PADUCAH, Ky. — James “Smoothy” Wilkerson is thankful for his $150,000 share of the more than $110 million paid to compensate sick Paducah nuclear workers.
He’s even happier that a tiny tumor in his right lung was detected early by a scanner that sees lung images as thin as paper.
Wilkerson, 72, of South Fulton, Tenn., said the thousands of current and former workers at the Paducah Gaseous Diffusion Plant should take the government-paid tests that saved his life.
Comparing Wilkerson’s second and third scans, technicians detected slight growth in a half-inch node in August 1991 and doctors removed the lower third of his right lung. Recent tests showed a recurrence. The whole lung may be removed if his other lung is healthy enough to compensate.
“Even if I lose the whole lung, I have a pretty good chance of survival,” Wilkerson said. “An X-ray would never have seen it.”
Funded by the Department of Energy, the plant Worker Health Protection Program is run locally by workers and retirees affiliated with Local 5-550 of Paper, Allied-Industrial, Chemical and Energy Workers International. Medical screening is done by local physicians working in concert with Queens College of Flushing, N.Y.
Dr. Steven Markowitz, a Queens College epidemiologist and head of the program, said 1,760 Paducah workers and retirees have been screened, out of which 1,188 have qualified for scanning based on age, smoking habits and job health factors that put them at high risk for lung cancer.
Four cases of lung cancer have been detected, two in the early stages. That is less than has been found at closed enrichment plants in Oak Ridge, Tenn., and Piketon, Ohio, but the results may be “statistical variations,” he said.
Markowitz said 12 percent of the tested Paducah workers have indications of asbestos exposure, 15 percent have chronic bronchitis or emphysema and 70 percent have hearing loss.
“For people breathing hydrofluoric acid vapors at the plant and at the same time smoking, really their lung problem was caused by both,” he said.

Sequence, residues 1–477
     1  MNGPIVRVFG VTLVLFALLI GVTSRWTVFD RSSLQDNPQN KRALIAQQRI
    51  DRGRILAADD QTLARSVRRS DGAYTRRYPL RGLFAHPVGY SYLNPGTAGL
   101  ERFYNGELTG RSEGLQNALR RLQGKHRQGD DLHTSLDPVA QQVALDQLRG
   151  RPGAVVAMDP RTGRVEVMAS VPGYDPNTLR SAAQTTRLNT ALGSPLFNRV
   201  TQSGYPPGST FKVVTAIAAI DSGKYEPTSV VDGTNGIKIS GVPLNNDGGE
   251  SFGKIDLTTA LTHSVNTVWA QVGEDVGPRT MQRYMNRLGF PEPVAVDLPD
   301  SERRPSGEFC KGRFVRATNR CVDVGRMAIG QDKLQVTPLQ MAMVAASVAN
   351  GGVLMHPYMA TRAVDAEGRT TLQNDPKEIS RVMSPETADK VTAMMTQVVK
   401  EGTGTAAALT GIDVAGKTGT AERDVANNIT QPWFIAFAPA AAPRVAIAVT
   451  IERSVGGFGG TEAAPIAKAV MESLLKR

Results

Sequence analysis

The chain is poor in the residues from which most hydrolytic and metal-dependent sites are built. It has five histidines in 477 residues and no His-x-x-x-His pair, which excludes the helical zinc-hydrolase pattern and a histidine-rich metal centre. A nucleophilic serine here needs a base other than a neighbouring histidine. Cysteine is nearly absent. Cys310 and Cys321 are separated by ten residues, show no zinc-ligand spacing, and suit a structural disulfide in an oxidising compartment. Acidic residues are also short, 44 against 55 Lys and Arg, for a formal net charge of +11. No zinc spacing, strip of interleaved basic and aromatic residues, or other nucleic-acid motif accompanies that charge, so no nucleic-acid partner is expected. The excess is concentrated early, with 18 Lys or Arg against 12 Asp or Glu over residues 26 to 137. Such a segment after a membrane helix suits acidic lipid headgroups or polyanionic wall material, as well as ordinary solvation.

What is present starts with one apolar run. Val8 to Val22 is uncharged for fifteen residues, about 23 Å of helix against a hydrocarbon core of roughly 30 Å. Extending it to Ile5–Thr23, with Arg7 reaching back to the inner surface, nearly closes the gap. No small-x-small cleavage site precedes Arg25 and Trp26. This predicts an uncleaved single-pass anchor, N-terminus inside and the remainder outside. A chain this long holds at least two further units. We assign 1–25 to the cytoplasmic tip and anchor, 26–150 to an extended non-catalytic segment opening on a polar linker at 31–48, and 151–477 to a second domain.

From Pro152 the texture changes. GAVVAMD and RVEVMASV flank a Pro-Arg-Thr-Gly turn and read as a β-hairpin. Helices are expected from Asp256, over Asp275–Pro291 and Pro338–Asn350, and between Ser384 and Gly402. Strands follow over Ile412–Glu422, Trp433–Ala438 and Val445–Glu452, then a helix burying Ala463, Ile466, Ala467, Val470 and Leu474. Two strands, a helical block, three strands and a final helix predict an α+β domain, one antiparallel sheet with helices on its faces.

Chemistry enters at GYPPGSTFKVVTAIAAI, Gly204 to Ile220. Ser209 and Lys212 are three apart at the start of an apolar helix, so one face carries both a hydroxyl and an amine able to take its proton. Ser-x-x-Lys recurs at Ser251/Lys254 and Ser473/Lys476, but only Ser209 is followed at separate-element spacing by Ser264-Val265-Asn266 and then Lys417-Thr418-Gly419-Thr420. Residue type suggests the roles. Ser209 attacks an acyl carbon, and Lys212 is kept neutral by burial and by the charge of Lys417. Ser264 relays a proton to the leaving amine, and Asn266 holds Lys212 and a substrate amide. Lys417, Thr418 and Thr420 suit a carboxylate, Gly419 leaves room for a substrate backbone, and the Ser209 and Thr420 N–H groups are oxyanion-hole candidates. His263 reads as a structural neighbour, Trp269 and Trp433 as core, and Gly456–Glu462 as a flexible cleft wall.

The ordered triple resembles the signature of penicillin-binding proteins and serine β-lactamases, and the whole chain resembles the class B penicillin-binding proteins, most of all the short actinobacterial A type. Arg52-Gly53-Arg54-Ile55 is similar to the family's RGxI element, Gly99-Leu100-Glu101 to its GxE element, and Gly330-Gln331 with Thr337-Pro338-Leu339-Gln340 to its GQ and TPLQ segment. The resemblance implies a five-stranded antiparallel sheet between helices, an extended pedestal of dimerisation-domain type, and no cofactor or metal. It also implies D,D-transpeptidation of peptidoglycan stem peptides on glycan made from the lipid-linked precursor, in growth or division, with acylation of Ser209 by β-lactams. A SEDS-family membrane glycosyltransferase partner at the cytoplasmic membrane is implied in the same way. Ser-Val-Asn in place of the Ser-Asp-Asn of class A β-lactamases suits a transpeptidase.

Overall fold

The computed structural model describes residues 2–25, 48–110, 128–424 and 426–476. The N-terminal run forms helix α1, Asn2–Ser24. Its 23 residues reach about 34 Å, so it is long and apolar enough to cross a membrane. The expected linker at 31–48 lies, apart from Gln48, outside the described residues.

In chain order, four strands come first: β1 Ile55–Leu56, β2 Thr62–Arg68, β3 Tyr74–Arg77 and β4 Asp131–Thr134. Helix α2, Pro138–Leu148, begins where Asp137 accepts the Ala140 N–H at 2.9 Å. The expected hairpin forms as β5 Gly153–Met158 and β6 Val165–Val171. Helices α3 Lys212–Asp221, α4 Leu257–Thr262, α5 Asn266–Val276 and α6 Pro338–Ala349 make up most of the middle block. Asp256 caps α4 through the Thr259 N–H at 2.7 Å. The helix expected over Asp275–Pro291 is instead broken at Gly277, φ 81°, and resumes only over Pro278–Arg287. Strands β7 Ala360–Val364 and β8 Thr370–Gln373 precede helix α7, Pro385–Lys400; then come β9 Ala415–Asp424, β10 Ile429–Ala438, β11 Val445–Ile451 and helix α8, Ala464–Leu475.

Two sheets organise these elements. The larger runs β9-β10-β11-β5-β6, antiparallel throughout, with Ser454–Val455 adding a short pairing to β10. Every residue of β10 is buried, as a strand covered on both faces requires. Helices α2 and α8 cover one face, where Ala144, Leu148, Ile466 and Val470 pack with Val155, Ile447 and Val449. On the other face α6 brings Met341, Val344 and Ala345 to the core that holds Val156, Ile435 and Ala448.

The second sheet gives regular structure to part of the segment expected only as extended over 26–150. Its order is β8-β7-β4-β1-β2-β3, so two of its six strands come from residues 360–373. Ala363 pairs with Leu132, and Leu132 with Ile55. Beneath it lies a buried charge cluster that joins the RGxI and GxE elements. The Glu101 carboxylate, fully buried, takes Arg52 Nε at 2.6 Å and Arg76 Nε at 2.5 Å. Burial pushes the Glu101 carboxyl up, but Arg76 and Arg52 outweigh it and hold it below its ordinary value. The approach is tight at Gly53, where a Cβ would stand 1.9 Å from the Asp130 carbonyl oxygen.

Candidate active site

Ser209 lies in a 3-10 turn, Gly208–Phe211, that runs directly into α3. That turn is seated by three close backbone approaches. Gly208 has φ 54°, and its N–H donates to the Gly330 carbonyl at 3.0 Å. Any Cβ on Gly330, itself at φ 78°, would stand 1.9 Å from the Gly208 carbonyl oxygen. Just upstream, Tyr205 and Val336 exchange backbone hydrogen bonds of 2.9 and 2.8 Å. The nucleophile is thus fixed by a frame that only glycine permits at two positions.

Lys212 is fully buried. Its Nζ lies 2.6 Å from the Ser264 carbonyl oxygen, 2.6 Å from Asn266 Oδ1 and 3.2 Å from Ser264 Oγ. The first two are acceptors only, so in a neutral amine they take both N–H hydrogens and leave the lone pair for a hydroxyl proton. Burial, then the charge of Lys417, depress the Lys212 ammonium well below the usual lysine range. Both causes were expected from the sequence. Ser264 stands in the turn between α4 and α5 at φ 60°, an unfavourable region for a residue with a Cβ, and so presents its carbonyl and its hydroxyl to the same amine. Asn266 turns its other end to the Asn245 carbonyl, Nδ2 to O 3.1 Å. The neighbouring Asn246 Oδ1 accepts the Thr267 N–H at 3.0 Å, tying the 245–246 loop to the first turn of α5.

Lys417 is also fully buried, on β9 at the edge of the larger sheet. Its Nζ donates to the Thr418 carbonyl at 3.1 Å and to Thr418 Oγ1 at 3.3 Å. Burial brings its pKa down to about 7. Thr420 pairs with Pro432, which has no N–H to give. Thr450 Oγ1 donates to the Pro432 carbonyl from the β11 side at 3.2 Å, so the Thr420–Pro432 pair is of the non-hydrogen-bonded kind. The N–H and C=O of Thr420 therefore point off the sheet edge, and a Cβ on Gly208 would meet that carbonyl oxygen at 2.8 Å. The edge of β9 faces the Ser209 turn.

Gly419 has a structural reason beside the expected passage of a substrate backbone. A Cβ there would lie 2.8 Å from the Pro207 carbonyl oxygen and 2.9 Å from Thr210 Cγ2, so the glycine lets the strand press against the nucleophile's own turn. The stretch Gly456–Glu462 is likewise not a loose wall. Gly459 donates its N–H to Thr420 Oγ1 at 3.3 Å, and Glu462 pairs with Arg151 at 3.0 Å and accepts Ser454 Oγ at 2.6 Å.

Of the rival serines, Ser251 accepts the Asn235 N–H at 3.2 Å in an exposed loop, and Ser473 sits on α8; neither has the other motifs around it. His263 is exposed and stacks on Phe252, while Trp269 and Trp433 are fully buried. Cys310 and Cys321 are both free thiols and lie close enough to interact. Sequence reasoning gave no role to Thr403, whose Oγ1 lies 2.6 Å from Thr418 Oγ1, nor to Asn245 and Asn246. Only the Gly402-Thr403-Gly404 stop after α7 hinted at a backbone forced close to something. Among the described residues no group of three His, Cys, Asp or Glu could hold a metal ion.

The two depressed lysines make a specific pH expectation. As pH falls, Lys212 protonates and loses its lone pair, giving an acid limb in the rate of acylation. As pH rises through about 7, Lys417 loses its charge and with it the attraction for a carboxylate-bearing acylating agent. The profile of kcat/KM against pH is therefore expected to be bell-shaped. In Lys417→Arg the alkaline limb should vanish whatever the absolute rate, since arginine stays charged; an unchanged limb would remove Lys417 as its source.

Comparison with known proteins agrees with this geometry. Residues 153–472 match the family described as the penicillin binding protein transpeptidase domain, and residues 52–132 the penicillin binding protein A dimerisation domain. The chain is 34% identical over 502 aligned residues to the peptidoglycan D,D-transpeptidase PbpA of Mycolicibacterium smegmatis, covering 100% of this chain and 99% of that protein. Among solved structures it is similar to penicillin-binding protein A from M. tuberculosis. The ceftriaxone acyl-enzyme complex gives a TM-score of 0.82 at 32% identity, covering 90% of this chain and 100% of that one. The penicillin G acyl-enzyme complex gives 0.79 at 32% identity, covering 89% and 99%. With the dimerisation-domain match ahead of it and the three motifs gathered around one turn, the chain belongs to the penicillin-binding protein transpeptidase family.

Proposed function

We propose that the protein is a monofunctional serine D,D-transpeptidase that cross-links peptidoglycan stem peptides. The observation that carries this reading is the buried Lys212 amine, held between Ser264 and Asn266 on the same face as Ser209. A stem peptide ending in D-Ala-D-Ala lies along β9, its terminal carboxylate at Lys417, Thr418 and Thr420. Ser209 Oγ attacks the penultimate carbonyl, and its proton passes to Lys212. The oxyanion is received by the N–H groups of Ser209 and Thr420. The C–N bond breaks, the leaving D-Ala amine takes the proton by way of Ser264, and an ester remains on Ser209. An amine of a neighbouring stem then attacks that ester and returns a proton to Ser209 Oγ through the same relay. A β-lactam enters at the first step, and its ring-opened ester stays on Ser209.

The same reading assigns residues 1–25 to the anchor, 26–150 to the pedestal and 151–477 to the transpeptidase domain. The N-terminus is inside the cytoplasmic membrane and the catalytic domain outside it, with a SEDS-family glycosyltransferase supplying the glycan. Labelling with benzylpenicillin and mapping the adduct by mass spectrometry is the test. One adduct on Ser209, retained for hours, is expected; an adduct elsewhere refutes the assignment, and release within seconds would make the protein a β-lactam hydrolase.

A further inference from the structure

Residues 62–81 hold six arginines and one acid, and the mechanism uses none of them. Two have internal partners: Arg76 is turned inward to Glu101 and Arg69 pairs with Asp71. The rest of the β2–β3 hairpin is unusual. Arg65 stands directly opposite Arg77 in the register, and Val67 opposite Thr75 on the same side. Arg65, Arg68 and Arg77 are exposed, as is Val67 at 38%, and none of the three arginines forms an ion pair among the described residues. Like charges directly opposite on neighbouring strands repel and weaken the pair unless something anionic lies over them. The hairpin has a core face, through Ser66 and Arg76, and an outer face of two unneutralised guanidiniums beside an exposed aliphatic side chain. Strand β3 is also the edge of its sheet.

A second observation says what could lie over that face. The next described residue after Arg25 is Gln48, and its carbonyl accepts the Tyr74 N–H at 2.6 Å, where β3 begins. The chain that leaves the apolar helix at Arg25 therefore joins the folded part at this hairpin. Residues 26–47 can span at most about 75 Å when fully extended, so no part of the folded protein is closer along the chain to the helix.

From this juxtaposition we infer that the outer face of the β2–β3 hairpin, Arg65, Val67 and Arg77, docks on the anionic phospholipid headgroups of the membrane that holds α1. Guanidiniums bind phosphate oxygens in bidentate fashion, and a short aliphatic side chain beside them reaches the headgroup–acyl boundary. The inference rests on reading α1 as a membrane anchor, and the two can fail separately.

Wilkerson, who retired in 1994 after 37 years at the plant, said he smoked and helped clean equipment containing mildly radioactive, toxic uranium hexafluoride. The most dangerous component of toxic uranium hexafluoride is caustic hydrofluoric acid.
Wilkerson worked in a now-closed building where workers made toxic uranium hexafluoride and fed it into the plant’s massive production buildings.
“We would clean the equipment up before the maintenance people would cut into it, but you couldn’t get all the (hydrofluoric acid) out of it,” he said. “You didn’t have to be rocket scientist to know you didn’t need to be breathing it.”
An Energy Department investigation revealed three years ago that Paducah plant workers machined beryllium, a highly toxic metal, while dismantling nuclear weapons parts during the Cold War. As a result, beryllium testing has been added to the health screening program and workers with chronic beryllium disease quality for $150,000 compensation.
Markowitz said 1,107 current and former Paducah workers have been tested for beryllium exposure, which requires two positive tests to determine beryllium sensitivity. Thirty-four workers had one positive test and 28 of them had a second test. Of the 28, seven have shown beryllium sensitivity, which does not mean they have the disease but qualifies them for free medical screening the rest of their lives.
Wayne O’Keefe of Vienna, Ill., said he was diagnosed as beryllium-sensitive and recently had a free lung biopsy in Oak Ridge. Although he has some symptoms — stiff joints and hot flashes — associated with the disease, he has not yet been diagnosed as having it. Incurable but treatable by steroids, the malady can cause loss of lung function.
O’Keefe, 79, retired in 1985 after 28 years at the plant in two stints, the first starting in 1951 when construction began. He later worked in a building housing the machine shop. “I never heard of beryllium until they told me it was in my blood,” he said.